Those those stories can be, you know, bad or good.
I'm glad it was OK, but did you like when you so you did your mom have a practice growing up.
Yes, she has a family medicine practice that she's had this whole time. So, you know, she she had a family medicine practice. My dad was a teacher at Staten Island Tech High School on Staten Island. Mm hmm. So between the two of them, like so many people on Staten Island, either had my dad as a teacher or my mom as a doctor, like there. When you go out to dinner on Staten Island, it's crazy how many more people know them than me.
Yeah, right. Well, people walk up to me and they're like, remember me? You're right, that kind of thing.
It's like when you're a comedian, if someone says, remember me? I saw you show in Missouri fifteen years ago. Yeah. Yeah. And sometimes you're like. Oh, yeah, you audience member know it's the same for her, she's like, how can you remember? Well, it depends who they are. Oh yeah, the guy who ruined the show. I remember that.
Yeah, right. Yeah. Someone's like, remember I yelled that thing at you and. Yeah. Yeah. Oh right. I remember you. Yeah.
You're the guy who threw the thing. Yeah. OK, great. But that's so funny.
So she, she probably did remembers. I saw them as kids and they just kind of remember like that.
They totally, they had, she had a lot of cooptation but that's probably why you don't have records because she probably did most of the doctoring.
Yeah. Yeah I guess so. Yeah. I'm again that's my that's my assumption. But as you're asking me now, today I started having a lot of more suspicious conspiracy theories.
You know, maybe you're not even their kid. I thought we'd go deep. I wouldn't go. Didn't think we're going to go this deep. This quickly. Wow.
Maybe that's what's being hidden. They found you maybe one of her patients was like, I don't want this one. And sure, your mother agreed to raise it as her own.
Yeah. More of a penguin kind of bright and then raised maybe maybe the speech therapist was more of a circus performer that raised me. Yeah, I realize. Yeah.
You were the boy that didn't talk. You were a traveling act for a little while.
But I don't like it is odd to me, though, that you're able to like if you wanted to, could you speak Staten Island?
Do you speak it when you go back.
Certain phrases like even saying like Staten Island is like it's hard to say that. No, I've never heard anyone even in not from Staten Island stuff called like Staten Island, where you said this is right. It's really funny. Like even like Verrazano Bridge, they just now, like this year, corrected the spelling. They had misspelled the name of the explorer that they name the bridge after. And it just got just got me just for like, oh, maybe we should spell his name correct.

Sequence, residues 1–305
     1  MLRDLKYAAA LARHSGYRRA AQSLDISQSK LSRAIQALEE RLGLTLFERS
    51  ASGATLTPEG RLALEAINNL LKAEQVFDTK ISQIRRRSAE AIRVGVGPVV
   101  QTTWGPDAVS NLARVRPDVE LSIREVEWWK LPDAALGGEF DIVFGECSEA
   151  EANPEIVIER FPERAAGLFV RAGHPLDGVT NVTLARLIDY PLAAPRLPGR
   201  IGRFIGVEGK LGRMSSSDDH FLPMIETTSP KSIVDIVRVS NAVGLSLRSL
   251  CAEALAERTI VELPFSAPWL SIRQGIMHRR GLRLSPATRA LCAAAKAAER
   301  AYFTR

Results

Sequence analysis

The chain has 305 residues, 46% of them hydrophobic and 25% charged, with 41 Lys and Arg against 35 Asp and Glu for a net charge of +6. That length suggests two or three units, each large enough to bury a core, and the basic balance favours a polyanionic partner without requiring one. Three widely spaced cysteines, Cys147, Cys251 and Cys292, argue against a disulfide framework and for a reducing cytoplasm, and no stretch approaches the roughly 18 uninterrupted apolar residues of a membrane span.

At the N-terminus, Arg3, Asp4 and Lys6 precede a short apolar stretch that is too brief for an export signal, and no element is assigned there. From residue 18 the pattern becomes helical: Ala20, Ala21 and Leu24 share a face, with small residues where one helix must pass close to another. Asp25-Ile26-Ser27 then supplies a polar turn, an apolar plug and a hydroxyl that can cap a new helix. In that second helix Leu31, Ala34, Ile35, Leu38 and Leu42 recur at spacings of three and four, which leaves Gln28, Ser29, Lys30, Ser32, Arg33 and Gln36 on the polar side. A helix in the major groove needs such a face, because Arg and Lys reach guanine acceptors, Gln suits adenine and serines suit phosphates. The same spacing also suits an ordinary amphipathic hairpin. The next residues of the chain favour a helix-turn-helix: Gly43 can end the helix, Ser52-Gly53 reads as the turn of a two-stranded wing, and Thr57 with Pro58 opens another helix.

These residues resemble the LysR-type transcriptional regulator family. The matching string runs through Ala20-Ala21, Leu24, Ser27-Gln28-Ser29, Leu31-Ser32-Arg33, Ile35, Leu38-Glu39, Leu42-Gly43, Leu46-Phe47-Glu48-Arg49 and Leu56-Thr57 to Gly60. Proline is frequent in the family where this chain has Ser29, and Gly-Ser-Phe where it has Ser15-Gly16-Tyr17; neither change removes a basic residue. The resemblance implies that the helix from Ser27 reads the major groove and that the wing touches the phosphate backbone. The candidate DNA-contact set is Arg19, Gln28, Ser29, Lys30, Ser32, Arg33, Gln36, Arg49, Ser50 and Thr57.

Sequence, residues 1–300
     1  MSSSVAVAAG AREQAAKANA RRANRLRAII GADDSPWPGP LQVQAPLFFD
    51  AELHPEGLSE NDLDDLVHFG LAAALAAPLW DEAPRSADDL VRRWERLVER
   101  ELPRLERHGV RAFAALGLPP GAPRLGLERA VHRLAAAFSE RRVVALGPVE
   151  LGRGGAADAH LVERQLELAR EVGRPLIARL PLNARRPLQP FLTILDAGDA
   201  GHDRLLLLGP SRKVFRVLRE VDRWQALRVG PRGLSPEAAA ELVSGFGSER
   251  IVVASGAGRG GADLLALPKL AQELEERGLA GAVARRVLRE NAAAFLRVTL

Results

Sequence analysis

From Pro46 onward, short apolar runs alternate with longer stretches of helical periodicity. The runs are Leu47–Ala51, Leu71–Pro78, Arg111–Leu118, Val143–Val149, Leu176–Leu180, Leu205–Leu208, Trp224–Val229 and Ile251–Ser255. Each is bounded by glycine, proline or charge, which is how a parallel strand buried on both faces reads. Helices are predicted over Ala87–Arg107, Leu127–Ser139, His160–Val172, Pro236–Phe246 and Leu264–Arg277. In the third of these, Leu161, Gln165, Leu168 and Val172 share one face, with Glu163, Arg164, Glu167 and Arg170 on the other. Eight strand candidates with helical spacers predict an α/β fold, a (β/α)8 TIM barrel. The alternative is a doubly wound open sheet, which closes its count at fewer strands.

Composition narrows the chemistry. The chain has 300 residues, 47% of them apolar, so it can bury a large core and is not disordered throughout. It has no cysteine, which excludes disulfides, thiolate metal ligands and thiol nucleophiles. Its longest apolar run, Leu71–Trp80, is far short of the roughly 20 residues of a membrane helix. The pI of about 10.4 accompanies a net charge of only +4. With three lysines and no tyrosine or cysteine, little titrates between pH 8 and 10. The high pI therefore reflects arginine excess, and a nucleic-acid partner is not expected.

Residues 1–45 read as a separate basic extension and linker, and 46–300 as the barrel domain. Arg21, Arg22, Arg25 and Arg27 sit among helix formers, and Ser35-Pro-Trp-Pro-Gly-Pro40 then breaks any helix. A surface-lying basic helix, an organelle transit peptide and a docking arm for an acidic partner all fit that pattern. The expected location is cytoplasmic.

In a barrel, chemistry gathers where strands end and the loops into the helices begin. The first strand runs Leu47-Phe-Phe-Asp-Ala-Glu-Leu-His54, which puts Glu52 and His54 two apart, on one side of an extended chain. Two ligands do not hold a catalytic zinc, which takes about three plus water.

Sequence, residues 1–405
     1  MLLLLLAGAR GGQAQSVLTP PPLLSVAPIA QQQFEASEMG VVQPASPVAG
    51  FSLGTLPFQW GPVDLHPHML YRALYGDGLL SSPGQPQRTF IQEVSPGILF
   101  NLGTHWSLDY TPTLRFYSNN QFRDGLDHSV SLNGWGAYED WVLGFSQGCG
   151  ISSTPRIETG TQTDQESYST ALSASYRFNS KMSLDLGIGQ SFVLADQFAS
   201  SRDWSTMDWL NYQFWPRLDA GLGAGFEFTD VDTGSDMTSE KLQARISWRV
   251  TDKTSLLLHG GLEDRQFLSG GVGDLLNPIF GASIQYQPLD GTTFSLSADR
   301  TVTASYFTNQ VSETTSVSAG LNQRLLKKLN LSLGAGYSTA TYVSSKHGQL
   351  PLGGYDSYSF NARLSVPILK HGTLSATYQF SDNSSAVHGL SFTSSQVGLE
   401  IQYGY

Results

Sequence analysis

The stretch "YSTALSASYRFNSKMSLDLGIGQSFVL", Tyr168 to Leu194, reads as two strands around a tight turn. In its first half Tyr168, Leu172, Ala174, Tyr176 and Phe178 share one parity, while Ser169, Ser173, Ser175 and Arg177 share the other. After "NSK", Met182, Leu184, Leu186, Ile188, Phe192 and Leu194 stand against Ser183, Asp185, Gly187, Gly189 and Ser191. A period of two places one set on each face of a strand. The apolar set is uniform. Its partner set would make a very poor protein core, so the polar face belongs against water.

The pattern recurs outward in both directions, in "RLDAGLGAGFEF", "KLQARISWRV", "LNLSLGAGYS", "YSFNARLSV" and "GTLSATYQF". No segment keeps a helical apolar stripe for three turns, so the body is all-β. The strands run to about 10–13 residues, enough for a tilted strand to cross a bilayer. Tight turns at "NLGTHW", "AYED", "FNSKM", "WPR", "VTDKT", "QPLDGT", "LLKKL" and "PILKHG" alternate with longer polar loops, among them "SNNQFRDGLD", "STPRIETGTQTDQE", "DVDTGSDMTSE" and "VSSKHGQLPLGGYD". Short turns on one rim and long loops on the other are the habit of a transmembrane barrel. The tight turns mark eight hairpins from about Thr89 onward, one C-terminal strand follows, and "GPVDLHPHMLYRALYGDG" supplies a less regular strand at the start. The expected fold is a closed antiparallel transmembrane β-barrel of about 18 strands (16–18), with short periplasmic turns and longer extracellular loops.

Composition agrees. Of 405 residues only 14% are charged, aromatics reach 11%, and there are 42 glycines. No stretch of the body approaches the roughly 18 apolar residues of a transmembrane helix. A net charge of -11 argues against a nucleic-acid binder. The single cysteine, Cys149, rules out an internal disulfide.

But like, when you were growing up, like. So your younger brother, what's he doing? He's in show business, right? He he he's been working on that show and practical joker since it started with all those guys who are all from Staten Island. They all went to this school, Coleman Senior Farrell High School on Staten Island. And my brother went there. My brother's younger, but he went there and then they started doing stuff together.
And then that show that show happened, like I picture that to be more of a Staten Island undertaking. It's very sad. I mean, it's like born and bred in Staten Island. Right.
So, like, I can't like I don't it seems like you've done everything to to erase it.
I just I'm glad you own up to it in the book, but it still seems like you're some sort of weird, magical elf person that, you know, that was just passing through Staten Island, you know, for some, many thanks.
Yeah. That's a funny either or magical person or native Staten Island.
Well, it's like the like it's like it all ties into the idea that you're not really your parents child and that somehow you thought that you were found.
And now look at you.
You didn't talk for forty four years till you're four years old because you innately knew like I don't these people I can't let on who I really am. And then all of a sudden you learn how to talk and then you go to Harvard and you know, you're engaged to Scarlett Johansson.
There's no there's nothing Staten Island about that story.
Yeah, no, this is this suddenly this found child period is really adding up all the time.
Yeah, yeah. I mean, it's on you to save to fix everything. You're the you're the golden one. Are you up for it?
I mean, I know the story about the stand up and everything that's cute and everything, but but you know this. You have big responsibilities that just point in history.
Yeah, I, I just watched the Eddie Murphy go and child, which I hadn't seen since probably I was whatever. Yeah. I was like eight or something and that is what a trippy, weird fun movie that is. It's like such a surreal thing.
I haven't watched it. I haven't watched it. I forgot there's just like full dragon person in it and shadow figure it all. Oh really. I forgot how much how spiritual it got.
Oh man. I should, I definitely have to watch it now.
So when does he, how does it work. Like so you how did you get out.
Just education. Like that's, that's how I got, I got out because I got into this high school. This is like free Catholic high school in the city. Yeah. Like unit in and that was the only way I got out like it was always going to be. I had to like education was the way it's a way out I think for me.
And it was a Catholic school, you see. How Catholic were you brought up. I always say now I was raised Catholic the way I think a lot of Catholics say, like I was raised Catholic. You say like I was raised by wolves. Yeah, yeah. Right, right. I, I don't you know, my mom still goes to Mass every Sunday. I went to Mass every Sunday through through the beginning of college. But it was always more like it was never it was weirdly never super religious for me.